One of the aims of the Commission's Better Regulation strategy is to reduce the volume of EU legislation and to render it more readable and legally clear, thus making it more accessible and easier to enforce. Codification of existing legislation and recasting are techniques working to this effect.
The EU institutions (the European Parliament, the Council and the Commission) have concluded inter-institutional agreements on both codification and recasting. See section on inter-institutional co-operation.
The body of European law has developed progressively and many laws have been amended over the course of time. Codification means bringing all amendments to a given law adopted at different times into one law. Codification of cosmetics rules, for example, has allowed 45 different pieces of legislation to be brought within a single law.
In 2001, the Commission announced a codification programme covering all existing EU legislation and involving several hundreds of legal acts.
Making progress has been a particular challenge because, with the enlargement of the EU, it must be carried out in an increasing number of languages. Furthermore, codification requires that the acts in question are in a 'standstill', i.e. legislation is not subject to substantial amendments during the codification process.
In 2006, the Commission re-launched its codification programme involving more than 400 acts. By the end of 2008, the Commission had codified 227 acts. Of these, 142 acts have been adopted and published in the EU Official Journal.
The European Parliament and the Council work with the Commission to ensure that the relevant acts are adopted as quickly as possible. Codified acts are translated into all EU languages and published in the EU Official Journal.
To catch up with changing needs and circumstances and to attain new objectives, some laws are subject to frequent amendment. Normally, such amendments take the form of new laws. In certain cases these new laws, instead of simply modifying the parts of the law that need to be changed, present the required amendments into a consolidated text together with all past amendments. This technique is called recasting.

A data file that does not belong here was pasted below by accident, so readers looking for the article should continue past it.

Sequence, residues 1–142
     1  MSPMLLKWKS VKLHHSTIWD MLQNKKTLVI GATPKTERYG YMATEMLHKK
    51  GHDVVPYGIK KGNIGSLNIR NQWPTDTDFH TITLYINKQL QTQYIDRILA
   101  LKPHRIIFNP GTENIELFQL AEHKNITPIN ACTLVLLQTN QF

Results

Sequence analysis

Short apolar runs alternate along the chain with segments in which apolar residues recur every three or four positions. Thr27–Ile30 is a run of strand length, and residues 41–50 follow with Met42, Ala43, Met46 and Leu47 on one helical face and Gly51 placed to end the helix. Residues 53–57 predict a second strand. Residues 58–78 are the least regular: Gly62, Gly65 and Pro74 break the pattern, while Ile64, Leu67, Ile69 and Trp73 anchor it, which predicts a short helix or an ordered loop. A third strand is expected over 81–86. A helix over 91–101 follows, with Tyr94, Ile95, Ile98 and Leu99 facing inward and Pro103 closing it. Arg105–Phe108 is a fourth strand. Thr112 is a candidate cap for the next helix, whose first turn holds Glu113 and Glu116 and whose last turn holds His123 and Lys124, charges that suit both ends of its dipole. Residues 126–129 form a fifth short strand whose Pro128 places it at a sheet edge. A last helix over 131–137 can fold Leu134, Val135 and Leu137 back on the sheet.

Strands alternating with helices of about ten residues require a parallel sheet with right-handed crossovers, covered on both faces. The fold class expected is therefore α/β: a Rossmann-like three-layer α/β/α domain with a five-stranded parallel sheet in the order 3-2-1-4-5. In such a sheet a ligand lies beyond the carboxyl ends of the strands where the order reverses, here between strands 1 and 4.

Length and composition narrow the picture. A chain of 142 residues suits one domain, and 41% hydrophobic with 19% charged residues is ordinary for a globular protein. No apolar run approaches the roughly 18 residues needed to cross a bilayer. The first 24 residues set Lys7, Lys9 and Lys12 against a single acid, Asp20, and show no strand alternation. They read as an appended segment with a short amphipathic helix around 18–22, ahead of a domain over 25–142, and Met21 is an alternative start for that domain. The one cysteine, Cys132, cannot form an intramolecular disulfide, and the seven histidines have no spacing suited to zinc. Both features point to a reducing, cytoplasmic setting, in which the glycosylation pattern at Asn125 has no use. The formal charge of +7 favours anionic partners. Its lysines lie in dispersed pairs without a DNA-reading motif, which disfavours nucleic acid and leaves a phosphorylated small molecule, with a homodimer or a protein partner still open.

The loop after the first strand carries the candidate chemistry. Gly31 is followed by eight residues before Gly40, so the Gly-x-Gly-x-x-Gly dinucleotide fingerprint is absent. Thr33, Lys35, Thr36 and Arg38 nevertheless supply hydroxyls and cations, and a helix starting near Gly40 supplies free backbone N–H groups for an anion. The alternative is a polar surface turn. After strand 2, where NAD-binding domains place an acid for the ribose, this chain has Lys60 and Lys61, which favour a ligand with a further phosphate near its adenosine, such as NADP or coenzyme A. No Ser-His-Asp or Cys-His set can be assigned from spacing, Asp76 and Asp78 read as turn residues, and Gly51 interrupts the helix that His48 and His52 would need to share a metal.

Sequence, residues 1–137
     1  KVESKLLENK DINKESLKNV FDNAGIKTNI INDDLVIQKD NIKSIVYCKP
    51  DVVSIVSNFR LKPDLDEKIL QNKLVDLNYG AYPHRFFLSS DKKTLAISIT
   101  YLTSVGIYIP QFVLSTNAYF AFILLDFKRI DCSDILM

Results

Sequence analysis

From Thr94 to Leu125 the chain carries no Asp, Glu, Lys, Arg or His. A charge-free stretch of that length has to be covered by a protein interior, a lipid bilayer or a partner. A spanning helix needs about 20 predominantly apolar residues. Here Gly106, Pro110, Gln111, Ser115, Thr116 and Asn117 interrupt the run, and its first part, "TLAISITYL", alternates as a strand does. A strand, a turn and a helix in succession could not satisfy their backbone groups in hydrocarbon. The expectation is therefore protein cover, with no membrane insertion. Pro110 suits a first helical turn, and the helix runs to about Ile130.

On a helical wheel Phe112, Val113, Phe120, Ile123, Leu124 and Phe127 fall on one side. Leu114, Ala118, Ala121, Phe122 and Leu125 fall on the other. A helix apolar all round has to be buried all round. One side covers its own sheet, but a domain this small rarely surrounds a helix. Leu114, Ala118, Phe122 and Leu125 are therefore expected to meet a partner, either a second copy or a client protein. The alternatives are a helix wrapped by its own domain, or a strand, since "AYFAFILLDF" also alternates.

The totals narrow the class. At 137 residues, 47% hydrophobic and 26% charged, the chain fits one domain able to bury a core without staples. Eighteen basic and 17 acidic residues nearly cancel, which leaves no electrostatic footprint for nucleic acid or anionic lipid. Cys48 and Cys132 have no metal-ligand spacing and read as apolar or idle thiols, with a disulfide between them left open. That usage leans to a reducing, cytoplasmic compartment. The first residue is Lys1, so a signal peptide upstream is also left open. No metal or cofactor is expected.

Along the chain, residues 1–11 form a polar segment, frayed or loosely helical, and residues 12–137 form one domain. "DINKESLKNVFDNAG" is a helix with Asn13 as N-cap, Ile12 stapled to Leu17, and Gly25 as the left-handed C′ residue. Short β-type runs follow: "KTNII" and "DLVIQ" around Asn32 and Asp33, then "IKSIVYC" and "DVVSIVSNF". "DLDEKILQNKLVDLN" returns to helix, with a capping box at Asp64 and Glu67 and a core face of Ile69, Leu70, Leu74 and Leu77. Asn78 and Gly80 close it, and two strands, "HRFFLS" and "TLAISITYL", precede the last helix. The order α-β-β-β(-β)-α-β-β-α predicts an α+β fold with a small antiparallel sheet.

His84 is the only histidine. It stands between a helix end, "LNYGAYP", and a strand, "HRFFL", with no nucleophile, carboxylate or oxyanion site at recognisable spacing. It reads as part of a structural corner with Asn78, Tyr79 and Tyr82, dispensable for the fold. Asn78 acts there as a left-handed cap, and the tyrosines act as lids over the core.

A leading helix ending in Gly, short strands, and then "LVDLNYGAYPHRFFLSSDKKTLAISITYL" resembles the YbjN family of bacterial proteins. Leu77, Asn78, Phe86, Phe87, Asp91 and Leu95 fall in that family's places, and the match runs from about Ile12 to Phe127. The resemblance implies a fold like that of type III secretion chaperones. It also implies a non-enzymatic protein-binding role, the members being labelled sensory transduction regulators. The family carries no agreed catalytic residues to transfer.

It implies modifying existing legislation whilst simultaneously codifying it in one consolidated text incorporating all previous amendments. This approach eliminates the need for a subsequent special codification procedure to integrate the substantial amendment into the basic legal act.
Recasting technique is widely used by the Commission; this is reflected in particular in the rolling simplification programme where nearly half of the planned simplification initiatives will be done by recasting.
However, the potential for use of this technique is constrained by several factors. For example, recasting can be considered only for those Commission legislative initiatives that aim to amend existing legislation, on average 40% of the total number of Commission proposals in a year, and it is a technique which would be disproportionate in cases where legal texts are amended very often or where individual amendments are relatively limited, in which cases it would not be efficient to reproduce the whole text in a recast form.
Consolidation of a legislative act, like codification, brings together a basic legislative act and all its amending acts in a single text. Although the resulting consolidated texts are not subject to formal decision-making and therefore do not have legal status, they greatly facilitate access to legislation and reduce the volume of texts.
By the end of 2008, the European secondary legislation, the legislative instruments adopted by the European institutions, had been consolidated in almost all EU languages (19). Consolidation in Bulgarian and Romanian is expected to be completed by early 2009 and in Maltese by the end of 2009.
All consolidated texts are accessible on EUR-Lex either through the specific act or in the Directory of Community Legislation in force.
A consolidated version of the Treaty establishing the European Community is also available in EUR-Lex.
legislative techniques of codification and recasting help to reduce
the volume of existing EU legislation and to render it more
comprehensible and legally certain.